The whole sorry predicament

On this particular Sunday morning he was eating Cornflakes while reading, the book held precariously open by a jar of marmalade on the thick right-hand to-be-read side, and an empty wine bottle on the thin left-hand having-been-read side, offering him satisfactory hands free operation, but at the same time threatening at any moment to eject the improvised paperweights and flip shut, the bungled attempts to prevent this violent loss of place inevitably resulting in flapping and mess.

He had recently become disproportionately exercised by the problem of the limpness of the flakes in the latter stages of any regular serving of Cornflakes. As he preferred his Cornflakes both crunchy and well-milked (the contrast in textures generated, along with the subtle flavour, was to him the very point of the product), the fact that the closing stages of his breakfast experience were so unsatisfactory seemed unjust and wrong. He had then settled upon the not altogether complicated idea of simply having two half portions, ensuring crunch and taste to the last bowl-tilted, catch-that-flake spoonful.

The problem, and he was himself all too aware of how tragically typical this was of him, how this so neatly summed him – and indeed the whole sorry predicament that was his life – up, was that he was incapable of executing even this most simple of strategies, always and without fail over-flaking the first bowl, and then pathetically trying to compensate by adding a tiny amount of milk. It was not so much this common ineptitude that aroused in him such self-loathing, but rather the doublethink by which he allowed himself to carry the delusion that the breakfast bowl was adequately prepared all the way to the table. Only once he had sat himself down and begun comforting himself with televised drivel or newsprint or spring-loaded literature would he stop, usually on about the third or fourth dessicated mouthful, and confront the reality that his breakfast cereal was, again, moronically undermilked, and that something would have to be done.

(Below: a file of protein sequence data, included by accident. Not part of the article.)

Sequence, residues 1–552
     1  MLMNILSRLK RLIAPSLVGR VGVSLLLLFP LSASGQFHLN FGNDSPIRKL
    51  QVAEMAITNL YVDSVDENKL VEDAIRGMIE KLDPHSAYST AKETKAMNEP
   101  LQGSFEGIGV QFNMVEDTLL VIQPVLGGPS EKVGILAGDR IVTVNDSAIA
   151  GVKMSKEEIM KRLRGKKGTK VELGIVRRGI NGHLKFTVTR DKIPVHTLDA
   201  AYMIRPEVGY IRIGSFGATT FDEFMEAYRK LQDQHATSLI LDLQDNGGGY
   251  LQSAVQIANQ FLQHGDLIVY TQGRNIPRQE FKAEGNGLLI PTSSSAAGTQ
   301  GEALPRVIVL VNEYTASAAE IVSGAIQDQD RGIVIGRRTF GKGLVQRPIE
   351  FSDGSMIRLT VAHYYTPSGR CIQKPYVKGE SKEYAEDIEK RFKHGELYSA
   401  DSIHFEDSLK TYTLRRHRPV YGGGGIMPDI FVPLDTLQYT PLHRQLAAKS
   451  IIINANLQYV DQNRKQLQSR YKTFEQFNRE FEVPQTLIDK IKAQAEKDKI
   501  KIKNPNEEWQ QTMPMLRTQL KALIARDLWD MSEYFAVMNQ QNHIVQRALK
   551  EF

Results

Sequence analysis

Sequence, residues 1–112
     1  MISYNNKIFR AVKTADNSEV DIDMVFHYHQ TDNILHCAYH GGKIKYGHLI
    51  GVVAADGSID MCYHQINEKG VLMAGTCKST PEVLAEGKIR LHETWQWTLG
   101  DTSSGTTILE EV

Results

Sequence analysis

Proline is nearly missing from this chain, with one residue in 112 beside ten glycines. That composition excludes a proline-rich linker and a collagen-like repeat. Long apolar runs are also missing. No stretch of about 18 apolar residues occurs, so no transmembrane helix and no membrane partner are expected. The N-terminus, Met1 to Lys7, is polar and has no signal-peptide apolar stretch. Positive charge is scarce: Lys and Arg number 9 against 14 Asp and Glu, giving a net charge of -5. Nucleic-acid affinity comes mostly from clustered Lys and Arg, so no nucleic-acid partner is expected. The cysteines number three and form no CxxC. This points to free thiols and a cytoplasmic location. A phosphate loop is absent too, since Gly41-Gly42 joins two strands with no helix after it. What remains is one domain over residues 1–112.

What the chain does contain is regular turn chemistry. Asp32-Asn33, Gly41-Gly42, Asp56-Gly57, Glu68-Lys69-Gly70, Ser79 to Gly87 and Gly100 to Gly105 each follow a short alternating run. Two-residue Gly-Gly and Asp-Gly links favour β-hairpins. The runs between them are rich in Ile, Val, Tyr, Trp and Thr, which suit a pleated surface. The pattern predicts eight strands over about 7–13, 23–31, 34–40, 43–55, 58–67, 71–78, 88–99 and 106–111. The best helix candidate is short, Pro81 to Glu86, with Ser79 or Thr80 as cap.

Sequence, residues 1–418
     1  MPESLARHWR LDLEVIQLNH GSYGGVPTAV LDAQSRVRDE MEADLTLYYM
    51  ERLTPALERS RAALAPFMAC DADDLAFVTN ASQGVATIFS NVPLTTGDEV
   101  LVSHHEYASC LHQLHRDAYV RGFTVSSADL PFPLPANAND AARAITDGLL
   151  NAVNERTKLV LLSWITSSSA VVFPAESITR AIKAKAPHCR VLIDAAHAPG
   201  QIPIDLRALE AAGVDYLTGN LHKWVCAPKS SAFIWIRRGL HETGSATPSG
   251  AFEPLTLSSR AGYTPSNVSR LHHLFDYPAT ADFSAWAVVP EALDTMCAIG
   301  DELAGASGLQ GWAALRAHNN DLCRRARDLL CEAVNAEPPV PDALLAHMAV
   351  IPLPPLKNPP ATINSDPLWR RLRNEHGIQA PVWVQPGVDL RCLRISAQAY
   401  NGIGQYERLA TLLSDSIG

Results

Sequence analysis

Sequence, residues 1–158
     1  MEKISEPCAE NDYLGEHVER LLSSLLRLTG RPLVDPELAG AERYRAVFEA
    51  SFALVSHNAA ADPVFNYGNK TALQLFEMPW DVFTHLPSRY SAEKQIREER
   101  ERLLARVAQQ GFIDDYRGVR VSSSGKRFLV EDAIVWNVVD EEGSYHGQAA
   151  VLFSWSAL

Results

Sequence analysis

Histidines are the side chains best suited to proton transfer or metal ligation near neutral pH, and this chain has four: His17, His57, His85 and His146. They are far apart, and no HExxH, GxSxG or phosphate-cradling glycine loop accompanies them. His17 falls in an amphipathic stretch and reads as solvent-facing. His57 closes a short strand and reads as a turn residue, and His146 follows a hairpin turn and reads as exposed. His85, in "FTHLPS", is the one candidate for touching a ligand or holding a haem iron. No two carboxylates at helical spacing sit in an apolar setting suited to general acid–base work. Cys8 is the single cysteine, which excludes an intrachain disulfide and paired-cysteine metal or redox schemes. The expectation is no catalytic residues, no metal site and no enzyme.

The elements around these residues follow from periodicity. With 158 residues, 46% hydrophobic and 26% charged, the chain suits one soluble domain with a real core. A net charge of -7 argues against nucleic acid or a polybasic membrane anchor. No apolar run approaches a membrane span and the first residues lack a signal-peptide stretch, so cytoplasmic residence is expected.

And there, at that exact point, he would feel the abdominal sink of the new dilemma: to bring the milk to the bowl, or the bowl to the milk? And always the futile calculation of each strategy. The milk-to-bowl option entailed a frustrating double round-trip, one to fetch the milk from the fridge and apply it to the flakes, and the second to return it to the fridge (pride ruling out the option of simply leaving it on the table: the bottle standing over the bowl, looking on scornfully, mockingly aloof, like Matron, as the increasingly soggy breakfast is consumed: can’t you even put milk in a bowl?. Futile because it was always the short-term attraction of the single round-trip that won, no matter how predictable the result.

And so he carried the bowl, now with the correct milk to flake ratio, but due to the initial overflaking dangerously full, through the swing door of his kitchen and turned, sidestepping the kitchen door as it swung back out into the hallway, his momentum carrying him through into the living room, and as he entered he caught his arm just above the left elbow against the frame of the living-room door, jolting him slightly, and with him the bowl, causing a small amount of milk and three individual Cornflakes to squirt and fall with a quiet splat on the laminated floor. He swore, at his misfortune and stupidity in equal measure, put down the bowl, the bottom of which would leave an opaque ring on the table when he lifted it later, and returned to deal with the slick, pausing only briefly to decide whether to save trees and use the dishcloth, before baulking at the hygiene implications of the floor-to-dish contact, and using 2 sheets of kitchen paper on what was clearly a three-sheet spill.